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House of Commons Hansard
TV Licences for Over 75's
27 June 2019
Volume 662

The petition of the residents of Linlithgow and Falkirk,

Declares that free TV licences to households with someone aged over 75 should remain for the foreseeable future; notes that this scheme should remain in governmental hands rather than being privatised via the BBC; further that the removal of the free TV licences will have a negative impact on some of the poorest pensioners in the constituency and across the country; further notes that one of BBC's proposals in the consultation is means-testing the concession by linking the free licenses to pension credit; further that the Department for Work and Pensions own estimates show that nationally 40% (two in five) of those entitled to receive pension credit are not in the receipt of the benefit and would be excluded; further that access to media, especially if frail or housebound, can reduce loneliness in older age and improve wellbeing.

The petitioners therefore request that the House of Commons urges the Government to reverse the planned decision to end the funding of the free TV licence to households with someone aged over 75 and the privatisation of this to the BBC.—[Presented by Martyn Day, Official Report, 10 April 2019; Vol. 658, c. 425 .]


Observations from the Secretary of State for Digital, Culture, Media and Sport (Jeremy Wright):

In the 2015 funding settlement, the Government agreed with the BBC that Government funding for the concession would be phased out between 2018 and 2020, with control of the concession passing to the BBC from June 2020. The Government and the BBC agreed this was a fair deal for the BBC. In return, the Government committed to close the iPlayer loophole and committed to increase the licence fee in line with inflation, among other measures. The Government are clear that the future of the concession from June 2020 is the responsibility of the BBC.

Parliament made this decision and legislated to put it into effect. Transferring responsibility for the concession was debated extensively during the passage of the Digital Economy Act 2017, which was agreed by Parliament.

The BBC announced on 10 June 2019 that from June 2020 only those who are over 75 and in receipt of pension credit would continue to receive a free TV licence.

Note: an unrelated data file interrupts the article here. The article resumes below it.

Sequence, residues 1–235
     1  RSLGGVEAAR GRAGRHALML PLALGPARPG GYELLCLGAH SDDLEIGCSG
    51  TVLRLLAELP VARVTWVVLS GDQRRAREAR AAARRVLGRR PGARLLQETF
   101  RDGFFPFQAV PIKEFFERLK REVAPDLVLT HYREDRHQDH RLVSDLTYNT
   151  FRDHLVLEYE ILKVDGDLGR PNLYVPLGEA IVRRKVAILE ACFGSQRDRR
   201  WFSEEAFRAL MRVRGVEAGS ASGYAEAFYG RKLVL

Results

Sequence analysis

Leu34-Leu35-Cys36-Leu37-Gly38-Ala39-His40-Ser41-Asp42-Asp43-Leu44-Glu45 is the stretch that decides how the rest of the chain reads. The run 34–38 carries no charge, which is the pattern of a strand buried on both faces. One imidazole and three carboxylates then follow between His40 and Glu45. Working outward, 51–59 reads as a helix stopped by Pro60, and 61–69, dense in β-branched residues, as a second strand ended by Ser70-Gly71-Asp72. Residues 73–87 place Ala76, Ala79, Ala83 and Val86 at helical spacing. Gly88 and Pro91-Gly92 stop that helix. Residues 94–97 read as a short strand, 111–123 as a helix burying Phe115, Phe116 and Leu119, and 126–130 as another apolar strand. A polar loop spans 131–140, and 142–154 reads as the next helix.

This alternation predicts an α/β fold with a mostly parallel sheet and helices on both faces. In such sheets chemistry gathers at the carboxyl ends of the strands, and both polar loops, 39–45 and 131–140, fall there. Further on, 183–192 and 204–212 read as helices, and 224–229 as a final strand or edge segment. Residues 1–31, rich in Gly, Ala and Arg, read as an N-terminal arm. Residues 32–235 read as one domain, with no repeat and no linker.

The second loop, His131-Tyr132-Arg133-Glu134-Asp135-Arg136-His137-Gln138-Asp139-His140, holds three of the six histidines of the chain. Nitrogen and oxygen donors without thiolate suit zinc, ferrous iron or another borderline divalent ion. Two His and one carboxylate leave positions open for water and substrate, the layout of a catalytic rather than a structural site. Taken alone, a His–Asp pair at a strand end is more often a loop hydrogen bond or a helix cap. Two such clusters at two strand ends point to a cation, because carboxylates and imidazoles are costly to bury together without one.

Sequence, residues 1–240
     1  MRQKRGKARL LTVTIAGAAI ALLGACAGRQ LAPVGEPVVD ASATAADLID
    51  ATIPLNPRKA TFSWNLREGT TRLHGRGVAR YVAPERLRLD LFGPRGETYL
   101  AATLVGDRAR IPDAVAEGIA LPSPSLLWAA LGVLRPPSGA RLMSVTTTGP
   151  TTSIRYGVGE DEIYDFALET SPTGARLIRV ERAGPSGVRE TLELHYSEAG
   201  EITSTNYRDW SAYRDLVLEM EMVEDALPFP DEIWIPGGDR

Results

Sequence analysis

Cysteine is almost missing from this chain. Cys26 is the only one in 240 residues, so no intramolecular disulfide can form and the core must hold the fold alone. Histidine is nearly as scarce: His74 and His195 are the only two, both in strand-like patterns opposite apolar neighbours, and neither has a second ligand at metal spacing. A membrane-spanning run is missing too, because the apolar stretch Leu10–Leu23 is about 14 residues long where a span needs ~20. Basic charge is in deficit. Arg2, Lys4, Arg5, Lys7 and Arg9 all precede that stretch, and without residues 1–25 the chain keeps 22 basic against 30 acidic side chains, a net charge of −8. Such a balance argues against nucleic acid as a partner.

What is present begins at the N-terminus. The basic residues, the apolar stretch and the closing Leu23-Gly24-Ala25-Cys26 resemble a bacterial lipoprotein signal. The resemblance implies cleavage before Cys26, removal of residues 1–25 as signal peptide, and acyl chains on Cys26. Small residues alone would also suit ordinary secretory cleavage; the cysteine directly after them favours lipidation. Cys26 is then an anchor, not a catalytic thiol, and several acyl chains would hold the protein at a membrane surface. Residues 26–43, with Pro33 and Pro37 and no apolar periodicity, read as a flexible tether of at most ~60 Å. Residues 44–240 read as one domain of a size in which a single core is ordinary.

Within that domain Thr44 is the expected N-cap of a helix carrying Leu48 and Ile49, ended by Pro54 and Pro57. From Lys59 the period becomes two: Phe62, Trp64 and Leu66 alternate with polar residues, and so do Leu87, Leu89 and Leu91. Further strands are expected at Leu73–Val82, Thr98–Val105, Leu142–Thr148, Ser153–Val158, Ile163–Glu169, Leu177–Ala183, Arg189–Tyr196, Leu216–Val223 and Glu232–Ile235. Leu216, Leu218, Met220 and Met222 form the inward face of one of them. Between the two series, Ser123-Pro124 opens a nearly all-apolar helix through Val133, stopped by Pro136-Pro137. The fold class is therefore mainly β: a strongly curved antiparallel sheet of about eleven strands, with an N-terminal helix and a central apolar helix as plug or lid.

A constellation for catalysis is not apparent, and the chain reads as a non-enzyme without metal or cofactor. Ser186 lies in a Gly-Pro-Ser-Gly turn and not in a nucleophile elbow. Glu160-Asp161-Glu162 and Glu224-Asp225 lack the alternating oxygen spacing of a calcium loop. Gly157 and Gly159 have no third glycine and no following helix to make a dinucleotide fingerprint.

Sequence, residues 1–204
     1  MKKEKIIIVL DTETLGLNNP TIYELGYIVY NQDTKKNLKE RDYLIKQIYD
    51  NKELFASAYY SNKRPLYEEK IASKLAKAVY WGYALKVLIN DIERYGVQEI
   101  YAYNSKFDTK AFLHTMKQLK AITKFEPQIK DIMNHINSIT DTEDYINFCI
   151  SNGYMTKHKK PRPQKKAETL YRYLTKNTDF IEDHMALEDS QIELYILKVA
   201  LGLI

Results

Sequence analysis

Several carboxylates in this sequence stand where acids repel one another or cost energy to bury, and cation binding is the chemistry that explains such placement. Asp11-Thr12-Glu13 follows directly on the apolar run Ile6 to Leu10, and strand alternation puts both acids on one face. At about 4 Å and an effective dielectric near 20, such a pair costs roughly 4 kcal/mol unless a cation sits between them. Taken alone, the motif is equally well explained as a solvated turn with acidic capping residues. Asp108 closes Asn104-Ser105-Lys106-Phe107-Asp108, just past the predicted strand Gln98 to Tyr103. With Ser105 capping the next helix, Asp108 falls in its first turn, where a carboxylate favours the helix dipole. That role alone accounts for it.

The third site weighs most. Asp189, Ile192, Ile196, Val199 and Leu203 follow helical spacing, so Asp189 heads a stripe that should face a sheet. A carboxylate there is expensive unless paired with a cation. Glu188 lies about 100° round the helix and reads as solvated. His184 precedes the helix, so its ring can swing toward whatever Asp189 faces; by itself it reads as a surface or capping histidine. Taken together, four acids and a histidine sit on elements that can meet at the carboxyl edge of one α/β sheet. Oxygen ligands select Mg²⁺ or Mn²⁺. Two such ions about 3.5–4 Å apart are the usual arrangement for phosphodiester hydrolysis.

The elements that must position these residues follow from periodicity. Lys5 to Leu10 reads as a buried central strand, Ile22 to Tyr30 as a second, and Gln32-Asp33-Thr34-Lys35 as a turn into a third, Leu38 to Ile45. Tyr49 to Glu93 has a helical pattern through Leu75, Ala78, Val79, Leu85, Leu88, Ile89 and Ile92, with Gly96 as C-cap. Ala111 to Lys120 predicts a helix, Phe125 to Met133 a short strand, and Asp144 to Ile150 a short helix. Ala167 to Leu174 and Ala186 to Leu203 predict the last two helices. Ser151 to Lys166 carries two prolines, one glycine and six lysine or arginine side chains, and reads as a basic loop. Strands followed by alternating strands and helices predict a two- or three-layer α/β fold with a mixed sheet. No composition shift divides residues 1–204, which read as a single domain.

The Government are disappointed that the BBC will not protect free television licences for all viewers aged over 75. We recognise that television is a vital link to people of all ages, but particularly so for older people who value television as a way to stay connected with the world. That is why we have guaranteed the over 75 concession until June 2020 and that is why we believe that the BBC can do more to support older people, and why we have asked them to do so.

On the concerns about loneliness, the Government recognises loneliness as one of our biggest public health challenges and we are working to help people of all ages to have meaningful social relationships and to avoid loneliness. We are the first Government in the world to appoint a Minister to lead work on tackling loneliness.

The Government are taking important steps to tackle loneliness, which can particularly affect older people. Last year, we published the world’s first Government strategy on loneliness, as well as securing £20 million of new grant-funding for projects run by charities and community groups to bring people together. The strategy contains over 60 policy commitments, covering many aspects of people’s lives, from transport to health to education.

On the concerns about the take up of pension credit, the Government are committed to ensuring that older people receive the support they are entitled to and the DWP targets activity on engaging with people who may be eligible to benefits at pivotal stages, such as when they claim state pension or report a change in their circumstances. The DWP uses a wide range of channels to communicate information about benefits to potential customers; including information on, in leaflets and by telephone. DWP staff in pension centres and Jobcentres including visiting officers are able to provide help and advice about entitlement to benefits, as are staff in local authorities who administer housing benefit.

One of the best ways to reach eligible customers is through trusted stakeholder working in the community and we have developed the pension credit toolkit, as an on-line tool for agencies and welfare rights organisations to use in order to encourage pension credit take up. It can be found at:

The toolkit contains resources for anyone working with pensioners and includes guides to pension credit. It also contains publicity material and guidance designed to help older people understand how they could get pension credit and help organisations support someone applying for pension credit as well as ideas for encouraging take-up. The toolkit also provides links to information about disability and carers benefits.

Most recently we have provided to relevant stakeholders a fact sheet about pension credit and the changes introduced on 15 May for mixed age couples to ensure that accurate information is available in the places where people are most likely to seek information.

Potential customers can use the pension credit to check if they are likely to be eligible and get an estimate of what they may receive. People wishing to claim pension credit can do so by calling 0800 99 1234.